History… has never mattered more… by Stewart Perry
It is good to be back… but it was nice to have a break. It was also nice to have some short family adventures in the 3 weeks. Leanne wasn’t able to take leave so we had to make the most of our weekends. Last weekend Leanne, Caleb and I went to Melbourne and saw the musical ‘Hamilton’. It was amazing! The music may not be to everyone’s liking but we loved it, I particularly loved the fact that there was no spoken dialogue, it was all either rhythmically delivered, rapped or sung.
We did get some excellent advice from our church’s resident History expert, 9:30am congregation member, St Hilda’s History teacher and History podcaster, Paul Letters that we should really watch the American Cast recording before we saw it live because there is a lot to follow. It was great advice and after seeing the live version I listened to the podcast (which Paul does with his son James called ‘Dad and me love history’) on the musical and the history behind it.
I must admit over the last 12 months I’ve rekindled my love for history. History (closely followed by Maths) was my favourite subject in high school. I remember despairing in Year 11 when I realised I couldn’t do both Ancient and Modern History for my final 2 years of schooling and had to make the difficult choice of choosing Modern History.
With all that has been going on in the last few years and with all that is going on in the world at the moment, I’ve formed the view that History has never mattered more…
I remember as I was preparing to sit my final high school exams, having a visit at home from another Anglican Priest who was also a history teacher. My parents had been hassling me to try and remember all the dates and names of the time frames I was studying (which I wasn’t doing very successfully at the time). This informed man told my parents, which I did find mildly amusing, that “that’s not how we study history anymore”. It was far more important to identify the problems and the issues and then apply those to the situation than it was to remember dates and names and that markers would be looking for students who understood history and its implications today rather than those who could just memorise facts and figures. I was both relieved and challenged at the same time.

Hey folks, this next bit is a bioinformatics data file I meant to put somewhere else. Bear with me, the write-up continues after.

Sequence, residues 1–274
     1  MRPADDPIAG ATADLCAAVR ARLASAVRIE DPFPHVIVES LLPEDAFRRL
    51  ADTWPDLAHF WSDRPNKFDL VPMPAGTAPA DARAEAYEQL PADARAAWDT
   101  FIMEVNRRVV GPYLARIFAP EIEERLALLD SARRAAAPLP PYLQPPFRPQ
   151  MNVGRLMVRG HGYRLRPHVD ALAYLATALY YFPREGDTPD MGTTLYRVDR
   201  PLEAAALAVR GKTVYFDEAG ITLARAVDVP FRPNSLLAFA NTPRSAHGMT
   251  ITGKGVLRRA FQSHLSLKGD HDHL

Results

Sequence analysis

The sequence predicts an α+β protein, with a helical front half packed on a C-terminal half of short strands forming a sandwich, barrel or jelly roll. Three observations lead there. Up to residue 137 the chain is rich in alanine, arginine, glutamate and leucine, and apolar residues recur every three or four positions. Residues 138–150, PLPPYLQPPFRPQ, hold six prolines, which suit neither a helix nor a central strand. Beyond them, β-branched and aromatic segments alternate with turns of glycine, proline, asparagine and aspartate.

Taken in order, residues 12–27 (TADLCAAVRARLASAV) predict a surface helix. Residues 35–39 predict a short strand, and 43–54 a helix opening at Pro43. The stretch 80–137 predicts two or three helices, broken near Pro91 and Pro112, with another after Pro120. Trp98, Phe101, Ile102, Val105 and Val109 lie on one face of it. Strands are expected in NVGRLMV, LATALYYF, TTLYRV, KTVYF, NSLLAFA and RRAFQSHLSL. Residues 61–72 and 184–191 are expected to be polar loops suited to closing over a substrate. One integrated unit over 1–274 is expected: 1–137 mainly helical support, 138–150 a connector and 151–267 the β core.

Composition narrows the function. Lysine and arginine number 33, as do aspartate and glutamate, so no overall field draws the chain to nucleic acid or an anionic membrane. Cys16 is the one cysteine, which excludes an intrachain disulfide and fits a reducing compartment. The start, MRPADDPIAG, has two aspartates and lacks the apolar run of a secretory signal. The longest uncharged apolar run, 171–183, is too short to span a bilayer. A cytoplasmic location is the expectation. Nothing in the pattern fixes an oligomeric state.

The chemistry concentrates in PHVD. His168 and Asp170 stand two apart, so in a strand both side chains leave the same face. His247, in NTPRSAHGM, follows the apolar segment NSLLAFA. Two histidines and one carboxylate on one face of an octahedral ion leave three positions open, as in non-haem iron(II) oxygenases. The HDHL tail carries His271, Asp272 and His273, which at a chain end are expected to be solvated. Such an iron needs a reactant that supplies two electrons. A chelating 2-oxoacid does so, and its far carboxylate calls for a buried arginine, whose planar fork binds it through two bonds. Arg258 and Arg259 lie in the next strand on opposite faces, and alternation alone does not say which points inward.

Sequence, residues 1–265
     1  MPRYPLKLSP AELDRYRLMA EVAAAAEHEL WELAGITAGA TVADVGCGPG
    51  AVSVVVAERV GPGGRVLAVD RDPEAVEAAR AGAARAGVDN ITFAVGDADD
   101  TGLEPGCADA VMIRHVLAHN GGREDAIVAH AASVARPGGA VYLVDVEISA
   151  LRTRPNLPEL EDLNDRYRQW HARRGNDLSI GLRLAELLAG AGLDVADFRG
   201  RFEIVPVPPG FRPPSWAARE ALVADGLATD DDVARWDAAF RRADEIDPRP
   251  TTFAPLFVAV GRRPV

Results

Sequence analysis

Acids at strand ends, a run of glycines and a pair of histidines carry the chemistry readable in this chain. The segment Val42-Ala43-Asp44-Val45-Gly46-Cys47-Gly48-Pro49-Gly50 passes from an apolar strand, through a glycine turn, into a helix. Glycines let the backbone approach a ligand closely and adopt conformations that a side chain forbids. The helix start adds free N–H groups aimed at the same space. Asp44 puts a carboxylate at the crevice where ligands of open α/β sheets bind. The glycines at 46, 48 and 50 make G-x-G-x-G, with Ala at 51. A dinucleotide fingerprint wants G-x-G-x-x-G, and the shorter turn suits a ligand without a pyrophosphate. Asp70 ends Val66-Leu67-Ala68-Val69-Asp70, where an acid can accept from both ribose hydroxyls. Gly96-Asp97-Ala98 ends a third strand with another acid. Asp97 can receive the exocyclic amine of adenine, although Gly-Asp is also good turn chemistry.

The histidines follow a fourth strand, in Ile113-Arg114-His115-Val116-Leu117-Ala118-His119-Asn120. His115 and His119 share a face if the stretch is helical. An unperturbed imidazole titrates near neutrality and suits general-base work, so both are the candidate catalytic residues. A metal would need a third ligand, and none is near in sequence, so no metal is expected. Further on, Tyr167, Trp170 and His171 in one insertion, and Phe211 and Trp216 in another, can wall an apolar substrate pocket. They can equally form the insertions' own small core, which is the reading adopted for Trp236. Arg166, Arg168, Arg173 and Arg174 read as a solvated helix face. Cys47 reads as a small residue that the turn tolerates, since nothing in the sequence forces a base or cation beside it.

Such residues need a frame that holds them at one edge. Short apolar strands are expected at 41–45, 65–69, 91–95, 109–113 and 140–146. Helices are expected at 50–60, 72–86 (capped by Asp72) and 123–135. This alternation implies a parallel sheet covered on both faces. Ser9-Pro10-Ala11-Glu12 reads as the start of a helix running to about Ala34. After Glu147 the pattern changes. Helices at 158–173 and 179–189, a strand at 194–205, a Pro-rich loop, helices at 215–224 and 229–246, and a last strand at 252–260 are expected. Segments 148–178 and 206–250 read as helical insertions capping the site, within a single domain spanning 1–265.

Memorising something by rote is hard but once you’ve got it in your head it seems to stay there. I can still recite various different verses that I used to help me memorise things in school. But I think understanding why and how and its impact requires a deeper level of work.
One of the reasons we tend to ignore or overlook history is that we just don’t want to do the deeper level of work.
As we look at the wider church and our church specifically as it recovers from the pandemic decline which has accelerated an already present decline, I think we need to take a look at our history and do that deeper level of work if we are able to present something meaningful, engaging and most importantly Jesus centred to our world.
Australian Anglican Priest and Biblical Historian John Dickson has always had my interest and respect for the way he approaches scripture and history. And I was really engrossed in the book ‘Dominion’ by Tom Holland and have since become a fan of his history podcast which I now listen to regularly trying to catch up on all the past episodes I’ve missed. ‘Dominion’ is an exploration of how Christianity has shaped Western thinking and culture.
As I’ve looked back at the history of the church and the history of the world I have been able to see the problems and issues and I’ve also been challenged on how we might approach the situations we encounter both within and outside the church. But I’ve also realised that none of this is easy work. It’s messy and complicated and requires that deeper level of work.
As important as it was for me, and as important as it is for everyone to take breaks… it is also important to commit to a deeper level of work and not just look for easy answers and quick solutions. From my reading of scripture and church history, the biggest moves of God have always occurred in response to individuals and communities who have committed themselves to that deeper level of work.
There is so much, in the power of the Holy Spirit, we can impact and influence in our world if we take the time to identify the problems and issues and commit to the deeper level of work required to bring Godly hope to our world.